Berlin faces tough choice between freedom and security
- 21 December 2016
- From the section Europe
For many Berliners, the one word most associated with their city is "freedom".
The freedom to be who you want, live how you want, and love who you want.
So when Berlin Mayor Michael Mueller called this tragedy an "attack on our freedom", he meant an attack on the essential character of this city.
Which is why so many people here say they refuse to be cowed by terror - even though there is certainly reason to be nervous.
The attacker is still on the run, is potentially dangerous, and possibly armed. The prime suspect is Anis Amri, a 24-year-old Tunisian citizen, who came to Germany in July 2015 as an asylum seeker.
Within a year, his application for asylum had been rejected - but he was still granted temporary permission to stay.
If he turns out to be responsible for the attack, Germany's authorities will be asked: why wasn't he deported?
- Berlin fugitive 'had been monitored'
- Berlin attack: Who were the victims?
- Germany attacks: What is going on?
There are in fact many legal reasons why it can be impossible to deport someone whose application for asylum has been rejected - such as having no documents or if the country of origin refuses to take him back.
In Amri's case, German officials say Tunisia would not accept that he was one of its citizens.
About 160,000 people in Germany have similar status.
Anti-migrant campaigners want them deported. Pro-refugee groups say they live in limbo - often unable to work, and with only temporary residence rights, they have little prospect of integrating.
Either way, it was already a controversial issue. Now it's likely to turn into a major political headache for the government.
The other big question is security.
Berliners' love of freedom can also mean freedom from state surveillance. That is why CCTV cameras, allowed in other parts of Germany, are banned in public spaces in Berlin.
Because of the attacks, the government is now pushing through new legislation to allow more security cameras.
More police officers will also be employed and there are controversial proposals to boost the role of the army domestically.
But it is Chancellor Angela Merkel who is most under the most pressure. She is associated with a pro-refugee stance more than any other European politician.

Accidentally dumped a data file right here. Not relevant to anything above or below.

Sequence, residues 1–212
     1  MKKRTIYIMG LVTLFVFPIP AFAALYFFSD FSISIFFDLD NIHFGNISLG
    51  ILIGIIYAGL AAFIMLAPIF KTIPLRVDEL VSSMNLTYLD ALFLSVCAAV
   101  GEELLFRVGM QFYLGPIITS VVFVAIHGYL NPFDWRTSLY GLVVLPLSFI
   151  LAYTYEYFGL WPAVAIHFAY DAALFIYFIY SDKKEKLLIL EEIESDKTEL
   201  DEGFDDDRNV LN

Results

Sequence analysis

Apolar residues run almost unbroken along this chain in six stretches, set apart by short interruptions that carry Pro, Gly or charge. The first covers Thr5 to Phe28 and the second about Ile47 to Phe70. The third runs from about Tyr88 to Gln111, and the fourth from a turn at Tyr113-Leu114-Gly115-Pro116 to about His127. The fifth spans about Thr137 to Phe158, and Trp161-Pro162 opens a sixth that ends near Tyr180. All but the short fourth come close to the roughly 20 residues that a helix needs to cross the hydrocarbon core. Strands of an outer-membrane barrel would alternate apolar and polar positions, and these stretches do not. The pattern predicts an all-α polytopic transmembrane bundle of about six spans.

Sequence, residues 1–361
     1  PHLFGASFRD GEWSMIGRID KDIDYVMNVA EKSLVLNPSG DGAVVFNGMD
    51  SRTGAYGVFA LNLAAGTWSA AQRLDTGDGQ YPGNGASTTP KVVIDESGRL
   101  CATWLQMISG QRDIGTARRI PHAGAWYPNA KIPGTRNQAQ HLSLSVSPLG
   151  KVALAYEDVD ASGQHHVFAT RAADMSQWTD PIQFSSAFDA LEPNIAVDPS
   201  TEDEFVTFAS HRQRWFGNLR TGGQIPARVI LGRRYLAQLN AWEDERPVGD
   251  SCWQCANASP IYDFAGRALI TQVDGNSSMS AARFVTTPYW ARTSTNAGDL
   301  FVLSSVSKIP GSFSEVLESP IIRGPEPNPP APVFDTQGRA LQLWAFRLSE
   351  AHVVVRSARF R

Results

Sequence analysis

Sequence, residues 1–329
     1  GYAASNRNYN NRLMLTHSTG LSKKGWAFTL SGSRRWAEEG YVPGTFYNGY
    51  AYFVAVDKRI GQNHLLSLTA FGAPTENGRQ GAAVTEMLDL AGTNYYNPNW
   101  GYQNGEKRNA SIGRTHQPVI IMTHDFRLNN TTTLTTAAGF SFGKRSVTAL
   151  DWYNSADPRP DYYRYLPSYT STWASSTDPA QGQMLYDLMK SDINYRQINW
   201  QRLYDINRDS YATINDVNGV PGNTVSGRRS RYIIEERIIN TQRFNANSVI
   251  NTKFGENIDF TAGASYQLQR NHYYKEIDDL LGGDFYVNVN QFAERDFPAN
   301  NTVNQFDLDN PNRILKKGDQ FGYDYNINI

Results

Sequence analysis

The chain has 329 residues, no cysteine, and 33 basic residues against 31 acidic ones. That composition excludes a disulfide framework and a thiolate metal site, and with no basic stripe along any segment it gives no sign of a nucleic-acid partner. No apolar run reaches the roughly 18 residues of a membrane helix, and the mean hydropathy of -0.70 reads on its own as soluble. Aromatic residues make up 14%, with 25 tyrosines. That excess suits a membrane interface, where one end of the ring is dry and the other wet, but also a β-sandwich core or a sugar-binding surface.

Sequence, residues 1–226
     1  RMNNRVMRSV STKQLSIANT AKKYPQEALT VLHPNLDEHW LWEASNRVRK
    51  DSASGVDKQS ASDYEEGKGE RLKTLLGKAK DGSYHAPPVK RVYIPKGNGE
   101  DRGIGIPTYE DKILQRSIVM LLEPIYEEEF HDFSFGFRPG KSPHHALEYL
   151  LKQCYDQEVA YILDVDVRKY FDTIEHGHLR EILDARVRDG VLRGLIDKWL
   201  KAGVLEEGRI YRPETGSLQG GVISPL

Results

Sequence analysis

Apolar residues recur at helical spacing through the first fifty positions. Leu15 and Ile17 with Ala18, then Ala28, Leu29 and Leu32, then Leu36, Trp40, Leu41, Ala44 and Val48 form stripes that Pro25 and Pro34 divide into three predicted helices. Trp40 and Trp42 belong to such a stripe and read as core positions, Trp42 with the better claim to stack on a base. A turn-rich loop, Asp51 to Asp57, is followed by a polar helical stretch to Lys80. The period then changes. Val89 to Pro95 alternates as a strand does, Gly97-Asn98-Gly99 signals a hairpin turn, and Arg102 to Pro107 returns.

It is a mistake to say she has an open-door policy to migration. She negotiated the EU deal on returning migrants from Greece to Turkey, much criticised by refugee groups, that has drastically reduced migrant numbers.
And to keep migrants out, Mrs Merkel has suspended the free border regime between Austria and Germany. Her government is also pushing through new laws to curb benefits for EU migrants.
In reality, she has struck a relatively centrist position, standing by her conviction that Germany has a humanitarian duty to help legitimate refugees - in line with mainstream opinion in Germany.
But that means she has become a hate figure for the insurgent populist anti-migrant party Alternative for Germany (AfD).
Mrs Merkel and the AfD have become sworn political enemies. She accuses them of whipping up hatred and dividing society. They stage rallies with posters portraying her with blood on her hands. Those are the two poles dividing German society.
The refugee question is an issue that polarises the country in the same way that Brexit does in Britain or gun control does in the US.
So far, the attack on the Christmas market seems to be making that political gulf wider, rather than suddenly creating a shift in public opinion.
Berlin has been through a lot over the past century, including destruction, division and dictatorships. So Berliners are a tough breed. And they are certainly not going to let themselves be intimidated.